Last night the House of Representatives passed HR 3523, the Cyber Intelligence Sharing and Protection Act, or CISPA. We’ve written about the many privacy problems with this bill, but here I would like to focus on one of its biggest and most fundamental flaws: it empowers the military, including agencies like the NSA, to collect the internet records of Americans’ everyday internet use.
It is a long-established principle that the military is not permitted to spy on Americans . Authorizing the NSA to turn its powerful eavesdropping apparatus on Americans would pose a significant threat to our privacy and a major departure from our values. Even in the wake of the September 11 attacks and the many rewrites of our surveillance laws over the last decade, Congress has never turned the NSA loose on the internet without even minimal court and congressional oversight. Yet, that’s exactly what the House has now passed.
While we have some bones to pick with the Obama administration over privacy issues, they have been strongly supporting the principle of keeping domestic cybersecurity programs in civilian hands. Although Congress seems intent on ignoring it, the Administration has consistently sent this message to Congress over the last year:
•DHS Secretary Napolitano testified before the Senate Committee on Homeland Security and Government Affairs that the administration supports legislation that designates a civilian government agency such as DHS as the lead agency in the government’s cybersecurity efforts.
•The administration transferred a program called the Defense Industrial Base (DIB) Exploratory Cybersecurity Initiative (DIB Opt-In Pilot) (under which the federal government shares classified signatures and other cybersecurity information with defense contractors) out of the Pentagon and into DHS. In February 2012, Secretary Napolitano told Congress that the Administration transferred control of the DBI Pilot to DHS because as a civilian agency, existing laws and authorities make DHS better situated to coordinate this type of information sharing program with the private sector. If a civilian agency is best suited to administer program focused on sharing classified data with defense contractors that build military weapons systems, then it is certainly best suited to coordinate the cybersecurity and information sharing efforts of the federal government on domestic, civilian networks.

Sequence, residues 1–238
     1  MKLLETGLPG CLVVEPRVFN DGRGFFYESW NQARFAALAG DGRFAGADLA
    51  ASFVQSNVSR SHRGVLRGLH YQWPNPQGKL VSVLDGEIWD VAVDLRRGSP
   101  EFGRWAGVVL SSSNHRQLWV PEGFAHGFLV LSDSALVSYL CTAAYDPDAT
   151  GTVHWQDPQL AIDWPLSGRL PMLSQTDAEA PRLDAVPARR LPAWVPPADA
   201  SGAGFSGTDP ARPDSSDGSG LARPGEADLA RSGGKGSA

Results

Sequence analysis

•When the White House wrote its own cybersecurity bill last year, it made the Department of Homeland Security the lead agency to coordinate government cybersecurity and related information sharing efforts. This proposal was the result of an extensive interagency process. Of course, this would not prevent DHS from relying on NSA expertise; they have long done so and DHS already has access to the cybersecurity capabilities and assistance that the NSA can provide, pursuant to a Memorandum of Agreement that both agencies signed in 2010. Under this agreement, the NSA is authorized to provide DHS any assistance or access to its capabilities that DHS requires in order to carry out its cybersecurity responsibilities.
•Perhaps most signficantly, the administration cited the principle of civilian control in issuing its veto threat Wednesday over CISPA . The administration declared that “H.R. 3523 effectively treats domestic cybersecurity as an intelligence activity and thus, significantly departs from longstanding efforts to treat the Internet and cyberspace as civilian spheres.”
Any claims that DHS or other civilian agencies aren’t capable of handling cybersecurity are belied by comments to the contrary by officials from within the military establishment itself. Current and former high-ranking officials from the Department of Defense have stated publicly that DHS, and not DoD, should be the lead agency directing government cybersecurity efforts.
For example, Eric Rosenbach, deputy assistant secretary of Defense for Cyber Policy in the Department of Defense, said at the annual RSA Security Conference in February, that a civilian agency and not an agency within DoD should be responsible for securing the domestic, civilian internet. “It’s almost certainly not the right approach for the United States of America to have a foreign intelligence focus on domestic networks, doing something that throughout history has been a domestic function,” he said. “But that doesn’t mean that DoD and NSA don’t play in the game,” he added. “We’re more the supporting effort.” And even former CIA and NSA Director Michael Hayden, who has been an outspoken proponent for appointing the NSA as the government’s lead agency for cybersecurity, has acknowledged that the NSA could assist in the cybersecurity effort under DHS leadership.
Sadly, the House Rules Committee did not permit a vote on amendments offered by Rep. Jan Schakowsky and Rep. Bennie Thompson that would have ensured that domestic cyber information collection be housed civilian agencies. To prevent the NSA from collecting our internet records in the name of cybersecurity, the only thing left for Congress to do is say ‘no’ to CISPA.